7 Things To Know Before Legally Changing Your Name

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People legally change their first, middle, or last names for a variety of reasons: Major life changes—getting married, divorced, or undergoing a gender reassignment—might catalyze a name change, or people might just hate the name they were born with. 

“The biggest thing to keep in mind about any name change is that it is a process, rather than a one-stop shop,” says Anna Phipps, VP of Experience at HitchSwitch, a name change service geared towards newlyweds. Obtaining a legal document such as a marriage certificate, divorce decree, or court granted petition will allow you to change your name but won't make your name change official, explains Phipps. “You won't be legally recognized by your new name until you've submitted applications with the Social Security Administration, DMV, etc.”

If you’re considering getting a legal name change, here are seven things you should know. 

1. YOU CAN NAME YOURSELF ANYTHING, WITH A FEW EXCEPTIONS.  

If you don’t like your birth name, you can legally change it to whatever you want … with a few exceptions. You can’t name yourself after a celebrity (because that could be viewed as intentionally misleading), a trademarked name, a numeral (like 4 or 8), a punctuation mark (like ? or !), or something offensive or obscene. You also can’t change your name to commit fraud, evade law enforcement, or avoid paying any debts you owe.

Jo-Anne Stayner of I'm a Mrs. Name Change Service recommends that people who are legally changing their name make sure they’re 100 percent certain of the spelling and format of their new name. “It might seem obvious, but we get several inquiries a year for people needing to make a legal name change because of a misspelling.”

2. THE SIMPLEST TIMES TO CHANGE YOUR LAST NAME ARE DURING MARRIAGE AND DIVORCE.

In most states, men and women can legally change their last name to their new spouse’s surname, hyphenate their two surnames, or create a new amalgamation of their surnames (like when actors Alexa Vega and Carlos Pena got married in 2014, and changed both of their last names to PenaVega).

If you decide to change your last name when you get married, you don’t need a court order. Just write your new last name on your marriage license and show your marriage certificate (not license) to places such as the DMV, your bank, and Social Security Administration as proof of your new last name.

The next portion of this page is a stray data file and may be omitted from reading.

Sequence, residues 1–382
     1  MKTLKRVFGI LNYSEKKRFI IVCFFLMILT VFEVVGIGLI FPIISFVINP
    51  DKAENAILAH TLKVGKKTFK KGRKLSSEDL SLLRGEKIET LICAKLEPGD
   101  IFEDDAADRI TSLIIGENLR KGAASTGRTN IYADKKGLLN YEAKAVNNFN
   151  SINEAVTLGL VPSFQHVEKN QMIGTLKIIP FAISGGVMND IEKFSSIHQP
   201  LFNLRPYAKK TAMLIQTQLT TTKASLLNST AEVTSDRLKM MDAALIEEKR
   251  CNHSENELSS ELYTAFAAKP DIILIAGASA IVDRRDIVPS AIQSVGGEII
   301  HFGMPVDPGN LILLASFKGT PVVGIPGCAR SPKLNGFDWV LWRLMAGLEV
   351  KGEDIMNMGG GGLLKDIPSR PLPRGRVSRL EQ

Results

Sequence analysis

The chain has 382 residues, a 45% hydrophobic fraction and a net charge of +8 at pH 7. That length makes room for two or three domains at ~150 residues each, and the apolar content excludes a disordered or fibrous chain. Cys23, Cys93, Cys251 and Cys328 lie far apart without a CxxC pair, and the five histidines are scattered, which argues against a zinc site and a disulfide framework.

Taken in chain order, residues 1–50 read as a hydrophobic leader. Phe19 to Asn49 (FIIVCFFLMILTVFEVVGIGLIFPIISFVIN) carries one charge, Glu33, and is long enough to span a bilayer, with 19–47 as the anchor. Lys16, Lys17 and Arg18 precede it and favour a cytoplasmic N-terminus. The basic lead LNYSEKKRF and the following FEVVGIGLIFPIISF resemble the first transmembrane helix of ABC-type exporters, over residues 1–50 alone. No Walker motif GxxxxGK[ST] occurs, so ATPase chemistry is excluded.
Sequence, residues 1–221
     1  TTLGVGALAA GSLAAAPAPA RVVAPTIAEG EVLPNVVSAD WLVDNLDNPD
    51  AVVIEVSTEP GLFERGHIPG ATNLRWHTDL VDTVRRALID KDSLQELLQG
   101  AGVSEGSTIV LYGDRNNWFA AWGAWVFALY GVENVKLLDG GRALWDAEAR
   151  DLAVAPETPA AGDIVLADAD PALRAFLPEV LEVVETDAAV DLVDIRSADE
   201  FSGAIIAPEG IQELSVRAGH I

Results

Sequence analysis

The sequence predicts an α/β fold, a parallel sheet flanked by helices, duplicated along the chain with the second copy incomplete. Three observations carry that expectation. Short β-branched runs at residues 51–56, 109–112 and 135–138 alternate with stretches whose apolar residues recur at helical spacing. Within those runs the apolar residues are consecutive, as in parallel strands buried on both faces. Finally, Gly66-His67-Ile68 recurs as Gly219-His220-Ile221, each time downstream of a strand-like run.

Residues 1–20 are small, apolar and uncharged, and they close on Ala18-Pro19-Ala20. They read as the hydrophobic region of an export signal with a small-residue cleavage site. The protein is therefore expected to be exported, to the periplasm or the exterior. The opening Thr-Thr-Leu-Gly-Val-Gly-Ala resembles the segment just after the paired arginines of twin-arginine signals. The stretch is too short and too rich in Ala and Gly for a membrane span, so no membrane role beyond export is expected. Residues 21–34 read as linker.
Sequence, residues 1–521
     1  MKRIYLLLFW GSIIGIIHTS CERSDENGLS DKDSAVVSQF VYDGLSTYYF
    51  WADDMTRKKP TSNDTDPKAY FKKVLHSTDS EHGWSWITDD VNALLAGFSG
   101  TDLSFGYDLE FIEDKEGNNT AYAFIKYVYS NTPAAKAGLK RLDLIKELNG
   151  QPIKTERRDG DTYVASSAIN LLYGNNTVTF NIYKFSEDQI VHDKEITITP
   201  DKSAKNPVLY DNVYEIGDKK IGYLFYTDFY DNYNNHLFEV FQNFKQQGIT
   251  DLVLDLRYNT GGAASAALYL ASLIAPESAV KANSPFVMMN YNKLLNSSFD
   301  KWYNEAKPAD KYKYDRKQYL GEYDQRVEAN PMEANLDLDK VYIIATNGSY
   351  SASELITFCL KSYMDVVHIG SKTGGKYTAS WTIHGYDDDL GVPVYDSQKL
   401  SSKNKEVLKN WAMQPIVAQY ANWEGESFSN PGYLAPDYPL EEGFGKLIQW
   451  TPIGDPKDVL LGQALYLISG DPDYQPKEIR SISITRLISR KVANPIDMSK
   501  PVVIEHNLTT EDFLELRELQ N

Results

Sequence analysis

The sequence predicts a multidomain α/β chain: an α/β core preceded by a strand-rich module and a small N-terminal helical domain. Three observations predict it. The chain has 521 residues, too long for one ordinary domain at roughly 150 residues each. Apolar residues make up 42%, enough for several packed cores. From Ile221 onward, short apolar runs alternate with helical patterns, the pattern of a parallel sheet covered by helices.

And if you get divorced and want to legally change your name back to your maiden name, you can usually get the judge to take care of that during the divorce proceedings. Your name change should appear on your Decree of Dissolution (a.k.a. Divorce Decree), then you can start using your maiden name again.

3. YOU DON’T NEED TO HIRE A LAWYER…

Although it may be seem daunting to show up at court or fill out legal paperwork, you don’t need to hire a lawyer to change your name.

Filling out a Petition for Name Change can be fairly straightforward. But if you do feel overwhelmed by navigating the name change process yourself, consider outside help. Companies such as LegalZoom offer packages that streamline the name change process, giving you the paperwork you need to fill out for your state.

Services such as I’m a Mrs. and HitchSwitch can also simplify the name change process by putting all the forms and instructions you need in one place. “We save our members time by auto-populating forms, pre-drafting emails, and providing specific contact details and tips on organizations’ preferred method to submit name changes,” explains Stayner.

HitchSwitch founder Jake Wolff adds, “Our goal is to streamline and take the mystery out of this intimidating process."

4. BUT BE READY TO PAY A FEW HUNDRED DOLLARS.

In most states, you have to pay a fee (usually $150 to $200) to file your name change petition in court. It also costs a small amount of money to get forms notarized. And if you’re getting married, you may want to pay for additional certified copies of your marriage certificate to use as proof of your new last name.

5. UPDATE EVERYONE ON YOUR NEW NAME…